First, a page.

It began in early November with a story about how Hillary Clinton’s campaign was “powered by pizza,” along with other high-carb foods such as donuts and bagels. In the wake of that report, the national media became obsessed with what the candidates are eating. The fascination eventually resulted in a complete disclosure of all the food expenditures by most of the presidential hopefuls, courtesy of the Federal Election Commission (the exception was Jeb Bush, perhaps the healthiest of them all: he embraced the Paleo diet and shed 40 pounds before starting his presidential bid).
To be fair to Hillary, not all of her campaign tabs have been low-end. She dropped $15,000 at Manhattan’s 40/40 Club, a night spot owned by rapper Jay-Z, and $10,000 at Elevate, an ultra-lounge in LA (no details given as to dishes or beverages of choice). Her list is also liberally sprinkled with hefty payments to carefully selected caterers.
Marco Rubio’s staff appears to be partial to Chik-Fil-A, visiting the Atlanta location more than a dozen times in three months. On the upper end of the scale, he favors the Four Seasons hotel chain (nearly $15K in Beverly Hills, and more than $10K at California’s Westlake Village).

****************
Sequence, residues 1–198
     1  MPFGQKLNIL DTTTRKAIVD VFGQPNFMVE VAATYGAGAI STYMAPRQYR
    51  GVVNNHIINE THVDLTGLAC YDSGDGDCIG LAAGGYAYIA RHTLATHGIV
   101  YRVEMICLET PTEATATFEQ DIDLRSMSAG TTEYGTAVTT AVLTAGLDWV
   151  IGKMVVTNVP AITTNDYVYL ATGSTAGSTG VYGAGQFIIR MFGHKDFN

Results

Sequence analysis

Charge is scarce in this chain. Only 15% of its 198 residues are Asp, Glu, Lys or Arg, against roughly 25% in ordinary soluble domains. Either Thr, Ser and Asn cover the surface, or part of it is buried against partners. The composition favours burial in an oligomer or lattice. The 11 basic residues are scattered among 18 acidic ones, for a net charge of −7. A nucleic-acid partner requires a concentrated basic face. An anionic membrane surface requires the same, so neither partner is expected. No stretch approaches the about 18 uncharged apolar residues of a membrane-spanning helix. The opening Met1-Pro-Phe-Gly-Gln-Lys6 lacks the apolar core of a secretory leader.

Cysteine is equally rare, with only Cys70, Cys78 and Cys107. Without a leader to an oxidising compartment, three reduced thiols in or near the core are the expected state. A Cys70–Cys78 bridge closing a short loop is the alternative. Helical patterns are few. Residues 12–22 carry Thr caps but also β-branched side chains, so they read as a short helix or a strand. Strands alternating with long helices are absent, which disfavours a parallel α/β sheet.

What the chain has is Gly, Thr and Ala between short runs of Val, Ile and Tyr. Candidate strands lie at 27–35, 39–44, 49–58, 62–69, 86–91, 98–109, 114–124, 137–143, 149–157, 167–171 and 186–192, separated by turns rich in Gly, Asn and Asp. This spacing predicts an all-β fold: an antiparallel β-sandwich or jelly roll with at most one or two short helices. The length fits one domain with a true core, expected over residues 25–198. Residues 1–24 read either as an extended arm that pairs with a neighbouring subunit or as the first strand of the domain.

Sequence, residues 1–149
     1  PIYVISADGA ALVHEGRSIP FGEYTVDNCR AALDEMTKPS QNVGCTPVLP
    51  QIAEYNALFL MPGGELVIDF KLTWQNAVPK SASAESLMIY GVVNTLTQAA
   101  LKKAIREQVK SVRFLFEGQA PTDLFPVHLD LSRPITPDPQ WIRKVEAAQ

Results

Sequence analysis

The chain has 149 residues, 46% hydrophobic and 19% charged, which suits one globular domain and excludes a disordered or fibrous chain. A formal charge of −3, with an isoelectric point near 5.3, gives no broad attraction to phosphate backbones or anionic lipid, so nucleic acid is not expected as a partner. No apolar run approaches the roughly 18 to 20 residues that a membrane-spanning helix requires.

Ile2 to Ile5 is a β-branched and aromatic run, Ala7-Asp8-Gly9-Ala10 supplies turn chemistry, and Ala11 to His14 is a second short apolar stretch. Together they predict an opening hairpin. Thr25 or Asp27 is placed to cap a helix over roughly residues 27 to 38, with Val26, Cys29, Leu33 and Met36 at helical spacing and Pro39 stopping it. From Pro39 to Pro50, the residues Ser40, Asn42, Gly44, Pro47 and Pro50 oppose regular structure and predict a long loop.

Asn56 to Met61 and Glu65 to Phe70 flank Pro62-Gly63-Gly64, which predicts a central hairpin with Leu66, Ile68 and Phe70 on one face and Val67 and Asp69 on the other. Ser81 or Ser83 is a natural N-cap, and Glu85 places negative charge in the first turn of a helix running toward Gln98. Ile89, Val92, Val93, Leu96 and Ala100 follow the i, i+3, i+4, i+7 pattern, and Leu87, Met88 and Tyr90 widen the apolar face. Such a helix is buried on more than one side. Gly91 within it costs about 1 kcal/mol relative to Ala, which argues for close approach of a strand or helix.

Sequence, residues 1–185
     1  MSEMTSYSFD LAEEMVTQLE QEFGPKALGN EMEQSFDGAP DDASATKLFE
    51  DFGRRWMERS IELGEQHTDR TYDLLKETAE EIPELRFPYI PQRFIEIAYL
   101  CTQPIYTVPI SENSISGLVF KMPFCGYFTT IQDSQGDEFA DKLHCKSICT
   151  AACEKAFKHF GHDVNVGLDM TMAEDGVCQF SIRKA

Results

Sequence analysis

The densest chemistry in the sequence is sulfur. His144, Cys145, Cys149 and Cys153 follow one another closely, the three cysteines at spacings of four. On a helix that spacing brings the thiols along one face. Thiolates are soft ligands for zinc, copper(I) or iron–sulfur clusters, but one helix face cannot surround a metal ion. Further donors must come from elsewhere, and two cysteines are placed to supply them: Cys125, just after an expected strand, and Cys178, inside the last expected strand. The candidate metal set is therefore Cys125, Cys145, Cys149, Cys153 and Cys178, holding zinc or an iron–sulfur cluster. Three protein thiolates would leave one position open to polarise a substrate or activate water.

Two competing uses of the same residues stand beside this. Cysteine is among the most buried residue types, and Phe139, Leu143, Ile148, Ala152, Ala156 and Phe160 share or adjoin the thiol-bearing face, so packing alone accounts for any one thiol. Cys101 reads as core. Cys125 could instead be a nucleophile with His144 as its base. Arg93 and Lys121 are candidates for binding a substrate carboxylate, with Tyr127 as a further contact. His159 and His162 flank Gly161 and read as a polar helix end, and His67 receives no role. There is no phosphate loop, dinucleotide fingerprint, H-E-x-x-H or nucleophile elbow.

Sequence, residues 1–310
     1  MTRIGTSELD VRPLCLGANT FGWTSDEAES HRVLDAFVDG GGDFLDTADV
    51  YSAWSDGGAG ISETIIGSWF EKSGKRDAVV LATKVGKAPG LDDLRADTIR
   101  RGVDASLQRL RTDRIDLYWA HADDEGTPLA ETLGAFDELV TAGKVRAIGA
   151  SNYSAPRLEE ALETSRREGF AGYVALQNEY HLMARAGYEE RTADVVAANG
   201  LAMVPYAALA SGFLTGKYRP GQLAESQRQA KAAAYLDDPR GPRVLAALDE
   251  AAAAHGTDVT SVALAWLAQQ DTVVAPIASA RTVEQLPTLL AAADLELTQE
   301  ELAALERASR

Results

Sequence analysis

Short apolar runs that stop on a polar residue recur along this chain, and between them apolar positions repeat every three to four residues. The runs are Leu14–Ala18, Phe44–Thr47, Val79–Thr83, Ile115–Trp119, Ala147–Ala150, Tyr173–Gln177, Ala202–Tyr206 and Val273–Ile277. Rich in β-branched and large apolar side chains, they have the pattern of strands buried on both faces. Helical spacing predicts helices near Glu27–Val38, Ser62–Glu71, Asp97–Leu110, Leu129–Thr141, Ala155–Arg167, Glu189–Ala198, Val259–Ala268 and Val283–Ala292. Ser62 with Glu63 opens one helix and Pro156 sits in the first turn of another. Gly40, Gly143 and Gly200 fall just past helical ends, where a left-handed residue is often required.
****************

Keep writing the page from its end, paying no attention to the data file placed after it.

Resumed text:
Ben Carson may have eaten his share of fast food, but beyond that his tastes are eclectic: everything from Ben’s Chili Bowl and Johnny’s Halfshell in Washington to BBQ and Irish pubs. Except for the occasional splurge ($1400 at Spark’s Steak House in Manhattan), Carson seems to favor establishments that are rustic and down-home in both theme and cuisine.
As you might expect from his revolutionary persona, Bernie Sanders has probably spent the least on feeding himself and his staff. Even Bernie isn’t immune to the occasional indulgence, having dropped nearly $4K at Caesar’s in Council Bluffs, Iowa.
Not surprisingly, the single largest campaign expenditure on food came from The Donald. At a rally held outside Boston in August, Trump spent $90,000 to feed and water the crowd. Most of the money was originally a donation from Ernie Boch, a supporter and billionaire car dealer. Unfortunately the limit on individual contributions is capped at $2700, so the majority of Boch’s largess had to be refunded. When the feds are watching, even indulgence has its limits.
Mark Spivak is the author of iconic Spirits: An Intoxicating History (Lyons Press, 2012) and Moonshine Nation (Lyons Press, 2014); his first novel, Friend of the Devil, is forthcoming from Black Opal Books in Spring 2016. For more information, go to amazon.com